Many groups tour our control tower and radar room every month. We’ll host everything from students with instructors, to airline, military and law-enforcement pilots.
Pilots and controllers work with each other constantly over the radios, but often the other side of the mic is a mystery. When we meet, we swap “there I was” stories, ask each other questions about why we do things and trade tips on how to work better with each other.
We’re often asked how we became controllers. It’s not an obvious course. Aviation magazines are full of flight school advertisements promising complete “Zero to Hero” programs taking a student pilot from the Private Pilot certificate up to ATP. Similar ads for ATC training are rare.
Like a pilot’s path to a career, a controller’s can be a lengthy one. The job itself is unpredictable and often fun, but from day one, it challenges an individual’s abilities, character under pressure and commitment to doing a good job for both themselves and the flying public.
Unlocking the Door
The actual hiring process is continually evolving and may well change again soon. The primary entry points used to be via the military or an FAA-approved collegiate training initiative (CTI) university with an ATC bachelor’s or associate degree program. You paid your tuition or your service dues and it gave you a solid foot in the door.
That’s all changed. Beginning in the late 2000s, the FAA opened the door to small numbers of “off the street” hires to meet staffing demands—no aviation background required. CTI and military were still given preference. Now, the pendulum has swung completely the other way. In February 2014 and 2015, the FAA posted a general job opening on USAjobs.gov, open to anyone with any kind of background.
Tens of thousands of people applied each time, with less than 2000 being hired each round. The FAA can only train and place so many people within a year. Those not making the cut can apply each year afterwards, until reaching the maximum hiring age of 31.
While this open-door policy might frustrate those who carefully laid out a college or military path, in the end, an aviation background doesn’t guarantee a thing. I’ve trained dozens of controllers. Some of the best were well-motivated, off-the-street hires who initially couldn’t tell a Cessna from a Boeing.
If there’s a similarity between controllers and pilots, it’s that the good ones are always learning, always striving to improve. Most line controllers don’t really care if a trainee’s only pre-FAA experience involved a GED and the golden arches. We just want to know if they are willing to learn and able to do what the job demands?
To answer that question, the FAA set up numerous checkpoints on the road to becoming a controller, similar in concept to what pilots go through. As a caretaker of the public trust, each candidate must first pass a number of background, basic aptitude, medical, and psychological checks. Controllers handle a lot of sensitive military and civilian law enforcement operations daily, so these background checks are critical.
Once approved, the prospective controller is still months from an ATC facility. To get the disparate new hires (collegiate, military, off the street) all on the same page, the vast majority must pass the basic ATC training program at the FAA’s Mike Monroney Aeronautical Center, located on the western boundary of Oklahoma City’s Will Rogers Airport.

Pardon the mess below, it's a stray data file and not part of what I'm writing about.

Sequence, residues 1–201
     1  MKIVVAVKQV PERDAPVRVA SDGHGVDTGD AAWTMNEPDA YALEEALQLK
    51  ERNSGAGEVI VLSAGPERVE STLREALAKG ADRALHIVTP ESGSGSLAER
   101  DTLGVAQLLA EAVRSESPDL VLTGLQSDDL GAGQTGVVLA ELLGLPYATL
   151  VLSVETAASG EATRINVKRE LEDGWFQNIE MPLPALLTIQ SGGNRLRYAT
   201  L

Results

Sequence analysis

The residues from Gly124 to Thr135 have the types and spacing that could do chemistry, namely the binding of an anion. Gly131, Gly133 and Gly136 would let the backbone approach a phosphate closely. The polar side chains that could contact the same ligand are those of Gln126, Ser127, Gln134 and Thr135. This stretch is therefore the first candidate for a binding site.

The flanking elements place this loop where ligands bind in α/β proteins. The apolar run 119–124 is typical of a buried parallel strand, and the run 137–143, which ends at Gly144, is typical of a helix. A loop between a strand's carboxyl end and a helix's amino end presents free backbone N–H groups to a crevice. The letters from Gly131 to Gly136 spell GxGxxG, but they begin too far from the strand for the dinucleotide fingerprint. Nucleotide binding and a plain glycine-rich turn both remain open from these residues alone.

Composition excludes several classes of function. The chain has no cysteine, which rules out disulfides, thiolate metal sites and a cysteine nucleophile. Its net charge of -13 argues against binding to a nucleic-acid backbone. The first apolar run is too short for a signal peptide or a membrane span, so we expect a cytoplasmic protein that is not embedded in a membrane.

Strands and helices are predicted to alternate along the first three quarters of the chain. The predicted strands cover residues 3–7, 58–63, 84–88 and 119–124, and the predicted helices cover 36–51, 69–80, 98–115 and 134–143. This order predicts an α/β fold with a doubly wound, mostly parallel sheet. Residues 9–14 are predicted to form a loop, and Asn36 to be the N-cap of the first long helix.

“The Academy,” as most of us call it, trains both tower and radar controllers. New hires are randomly assigned a date for either a radar or tower class, each containing about 24 students. The initial portion of each two- to three-month course is essentially a ground school. At its core is FAA Order 7110.65, the FAA rulebook that governs ATC. Along the way, multiple written exams concerning airspace, weather, separation requirements, wake turbulence, and much more must all be passed.
“Book learnin'” accomplished, students move on to simulation scenarios. Tower students learn to operate a virtual Class D airport with three runways and GA traffic, airliners and vehicles. Radar students are further divided into those slotted for Terminal Radar Approach Controls (TRACONs) and Centers. Those going to TRACONs sequence in and out of the simulated main airport and outlying fields, while Center students are trained to work the large, high-altitude airspace above the virtual TRACON.
The Academy’s mission isn’t to craft a final product. It filters out the candidates lacking the potential to make it in the field. At the end of the course, the prospective controllers must pass a performance assessment (PA), essentially the ATC version of a practical test. These simulation scenarios include a bit of everything the candidate has experienced, testing their skills, judgment and grasp of the rules—comparable to a student pilot’s pre-solo stage check.
A stage check isn’t looking for the student to be the best aviator to ever grace the wild blue yonder. It’s looking for basic competency and good judgment. Forget something important, do something reckless, or neglect to correct a critical error, and it’s a no go on the solo. If an ATC candidate fails the PA, he goes home, jobless.
The PA really tests a prospective controller’s character. The night before my Tower PA, I got severe food poisoning and was in so much pain I got no sleep. Still, I knew that if it didn’t go well, my family and I would have a very different future ahead of us. I toughed it out and passed the PA on the first try. I also remember the very real anguish of those who didn’t make it.
Leaves in the Wind
New hires used to apply to and know right up front which ATC facility they’d be going to. Now, there’s no pre-assignment. Students receive points for their written and practical test performance. At course completion, the class is presented a list of available controller openings system-wide. Whoever scored highest picks first, then the number two candidate, and so on. This makes it far more competitive. They then have only a day or two to report to their facility.